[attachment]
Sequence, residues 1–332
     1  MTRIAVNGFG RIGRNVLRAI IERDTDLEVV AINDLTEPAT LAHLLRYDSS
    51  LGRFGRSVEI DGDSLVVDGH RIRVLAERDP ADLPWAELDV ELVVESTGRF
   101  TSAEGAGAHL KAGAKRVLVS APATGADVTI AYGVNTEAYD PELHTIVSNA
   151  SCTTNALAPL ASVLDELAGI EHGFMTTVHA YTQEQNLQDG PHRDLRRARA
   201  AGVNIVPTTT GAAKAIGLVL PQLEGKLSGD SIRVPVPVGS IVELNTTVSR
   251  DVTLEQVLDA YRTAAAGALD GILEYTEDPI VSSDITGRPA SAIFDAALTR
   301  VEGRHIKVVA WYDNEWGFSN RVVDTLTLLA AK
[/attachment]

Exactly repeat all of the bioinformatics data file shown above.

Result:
Sequence, residues 1–332
     1  MTRIAVNGFG RIGRNVLRAI IERDTDLEVV AINDLTEPAT LAHLLRYDSS
    51  LGRFGRSVEI DGDSLVVDGH RIRVLAERDP ADLPWAELDV ELVVESTGRF
   101  TSAEGAGAHL KAGAKRVLVS APATGADVTI AYGVNTEAYD PELHTIVSNA
   151  SCTTNALAPL ASVLDELAGI EHGFMTTVHA YTQEQNLQDG PHRDLRRARA
   201  AGVNIVPTTT GAAKAIGLVL PQLEGKLSGD SIRVPVPVGS IVELNTTVSR
   251  DVTLEQVLDA YRTAAAGALD GILEYTEDPI VSSDITGRPA SAIFDAALTR
   301  VEGRHIKVVA WYDNEWGFSN RVVDTLTLLA AK